From the Spartan point of view this offer is understandable. The remnants of the Spartan fleet, now stationed at Chios, had run out of supplies and out of money, and chances for victory were slim. Only once had Sparta been able to defeat the Athenians at sea: at Notium. And even that victory had to be attributed rather to an Athenian misjudgment than to a well-executed Spartan plan. To boot, in the recent confrontation at Argisunae, the Athenians (with a relatively inexperienced fleet, into which even non-Athenians and slaves were recruited) had managed to beat one of Sparta's most powerful and battle-hardened navies. Last of all, there was a substantial faction in Sparta that desired peace because it feared Lysander's increasing power. He owed much of his reputation to his close relationship with Cyrus made some even suggest Lysander was collaborating with Cyrus. It was feared that Cyrus would start asking favors in exchange for the continued funding. If Sparta was not to become a client state of Persia, it should take care not to become too dependent on its privileged relationship with Cyrus and certainly not too dependent on Persian gold.note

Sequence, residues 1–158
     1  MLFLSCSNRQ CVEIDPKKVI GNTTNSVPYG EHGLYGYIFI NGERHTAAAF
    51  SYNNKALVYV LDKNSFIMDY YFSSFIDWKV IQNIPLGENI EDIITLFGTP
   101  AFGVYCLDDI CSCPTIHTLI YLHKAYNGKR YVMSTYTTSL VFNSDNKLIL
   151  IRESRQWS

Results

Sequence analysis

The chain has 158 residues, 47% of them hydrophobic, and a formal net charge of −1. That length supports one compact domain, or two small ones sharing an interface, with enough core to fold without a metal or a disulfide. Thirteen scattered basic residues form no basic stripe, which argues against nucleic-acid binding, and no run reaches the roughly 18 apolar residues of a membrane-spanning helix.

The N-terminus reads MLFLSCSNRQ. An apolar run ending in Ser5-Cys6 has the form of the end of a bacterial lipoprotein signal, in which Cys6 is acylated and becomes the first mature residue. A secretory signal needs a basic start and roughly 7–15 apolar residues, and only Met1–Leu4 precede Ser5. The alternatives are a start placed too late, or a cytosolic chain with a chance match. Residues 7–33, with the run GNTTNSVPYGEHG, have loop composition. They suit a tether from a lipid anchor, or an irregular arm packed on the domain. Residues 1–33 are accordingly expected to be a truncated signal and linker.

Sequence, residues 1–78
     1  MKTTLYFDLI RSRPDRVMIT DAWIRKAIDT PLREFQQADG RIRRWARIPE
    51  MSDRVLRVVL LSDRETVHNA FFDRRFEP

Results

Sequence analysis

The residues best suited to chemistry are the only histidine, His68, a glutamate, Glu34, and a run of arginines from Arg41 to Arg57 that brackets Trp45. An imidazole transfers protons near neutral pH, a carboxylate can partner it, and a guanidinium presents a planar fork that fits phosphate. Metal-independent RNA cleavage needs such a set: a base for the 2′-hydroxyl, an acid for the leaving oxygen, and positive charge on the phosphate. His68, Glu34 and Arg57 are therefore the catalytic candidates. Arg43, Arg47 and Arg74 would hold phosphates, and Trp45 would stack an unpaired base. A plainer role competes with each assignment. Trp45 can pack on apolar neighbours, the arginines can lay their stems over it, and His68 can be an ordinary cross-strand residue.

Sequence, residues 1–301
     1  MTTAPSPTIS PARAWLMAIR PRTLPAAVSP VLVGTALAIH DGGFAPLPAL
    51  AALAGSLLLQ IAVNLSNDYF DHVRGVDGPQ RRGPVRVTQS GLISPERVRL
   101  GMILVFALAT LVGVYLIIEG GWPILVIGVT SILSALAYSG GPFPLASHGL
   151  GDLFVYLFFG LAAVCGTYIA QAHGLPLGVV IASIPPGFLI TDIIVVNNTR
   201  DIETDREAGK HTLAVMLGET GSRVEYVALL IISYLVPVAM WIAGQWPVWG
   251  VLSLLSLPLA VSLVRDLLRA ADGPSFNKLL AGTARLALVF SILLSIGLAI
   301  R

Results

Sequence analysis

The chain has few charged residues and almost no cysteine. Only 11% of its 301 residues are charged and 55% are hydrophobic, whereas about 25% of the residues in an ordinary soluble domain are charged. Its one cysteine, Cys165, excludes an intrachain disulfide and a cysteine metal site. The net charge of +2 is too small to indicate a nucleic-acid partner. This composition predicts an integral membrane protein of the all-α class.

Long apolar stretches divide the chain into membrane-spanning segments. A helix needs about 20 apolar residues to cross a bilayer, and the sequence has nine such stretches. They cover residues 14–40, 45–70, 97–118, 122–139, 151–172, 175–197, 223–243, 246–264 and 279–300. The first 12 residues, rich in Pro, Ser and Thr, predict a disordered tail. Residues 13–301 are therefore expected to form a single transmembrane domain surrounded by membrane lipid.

So, in the winter of 406/405, the following offer was made to Athens: the upholding of the status quo and, as a token of her good will, the evacuation of Decelea. Quite an acceptable offer -from an Athenian point of view- as the Athenians would not have to dismantle their alliance. Moreover, the state funds had almost dried up, making it difficult to maintain large forces. Athens needed time to restore order in the Delian League and reinvigorate its commercial activities.